But the thing was, out of the five of us sitting there: one was a newly-wed, the second a VERY soon-to-be-wed, the third was a single but had been previously wed and was now extremely complicated, and the last two were just simply single.
I was one of those last two.
And I really had high hopes for the evening. I knew we would talk about relationships at on point or another, I just didn’t think we would spend the whole time talking about it.
But we did.
And I love my friends, and I want to show support and attentiveness to their situations, and meet them where they are….but I was also hoping for a little bit more.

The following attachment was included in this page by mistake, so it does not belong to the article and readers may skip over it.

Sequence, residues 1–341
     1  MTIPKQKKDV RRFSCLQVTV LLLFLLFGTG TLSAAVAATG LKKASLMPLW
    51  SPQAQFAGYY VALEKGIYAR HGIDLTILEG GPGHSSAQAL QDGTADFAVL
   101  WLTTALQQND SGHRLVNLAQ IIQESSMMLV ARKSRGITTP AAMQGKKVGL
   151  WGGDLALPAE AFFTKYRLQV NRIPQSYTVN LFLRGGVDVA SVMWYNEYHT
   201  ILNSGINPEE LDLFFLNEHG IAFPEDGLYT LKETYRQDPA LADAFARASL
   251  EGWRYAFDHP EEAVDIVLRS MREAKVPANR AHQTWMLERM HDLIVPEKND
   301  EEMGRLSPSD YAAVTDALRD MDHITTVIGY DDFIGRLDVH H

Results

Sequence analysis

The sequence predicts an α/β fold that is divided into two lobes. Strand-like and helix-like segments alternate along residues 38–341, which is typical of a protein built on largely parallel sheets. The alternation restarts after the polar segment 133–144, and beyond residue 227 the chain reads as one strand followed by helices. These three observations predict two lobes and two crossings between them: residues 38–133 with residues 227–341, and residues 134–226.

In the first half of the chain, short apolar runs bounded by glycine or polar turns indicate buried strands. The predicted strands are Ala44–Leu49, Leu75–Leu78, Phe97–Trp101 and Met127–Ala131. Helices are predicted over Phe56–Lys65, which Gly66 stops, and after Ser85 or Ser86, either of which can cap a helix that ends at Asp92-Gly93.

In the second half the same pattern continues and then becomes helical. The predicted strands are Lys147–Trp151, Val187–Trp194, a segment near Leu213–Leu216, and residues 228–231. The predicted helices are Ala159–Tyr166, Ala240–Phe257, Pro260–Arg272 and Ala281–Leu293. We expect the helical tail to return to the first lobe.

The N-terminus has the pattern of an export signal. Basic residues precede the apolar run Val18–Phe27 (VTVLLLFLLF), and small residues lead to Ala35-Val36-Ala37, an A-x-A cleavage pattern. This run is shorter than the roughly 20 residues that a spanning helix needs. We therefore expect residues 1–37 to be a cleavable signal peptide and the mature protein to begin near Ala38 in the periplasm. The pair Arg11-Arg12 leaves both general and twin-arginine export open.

Afterwards the “other single girl” told me how she was disappointed that, once the “seminary hats” were off, all we could find to talk about were boys/relationship problems. And I agree.
Are our lives really that boring?
I just can’t stop thinking about it.
It should be mentioned, however, that at one point I was able to participate in discussion when one friend turned to me and asked, “So Julia, who are YOU dating?” (Note: She may or may not have been sarcastic, I still can’t tell.) Regardless, I took a moment, composed myself, and raised one finger to the sky as I mouthed the name “Jesus”.
I’m glad at least that I have friends who appreciate my sense of humor, if not my sense of irony.
Jesus is my bro, yo.
Bro Jesus might be my new favorite thing. Well, you know…next to the normal Jesus.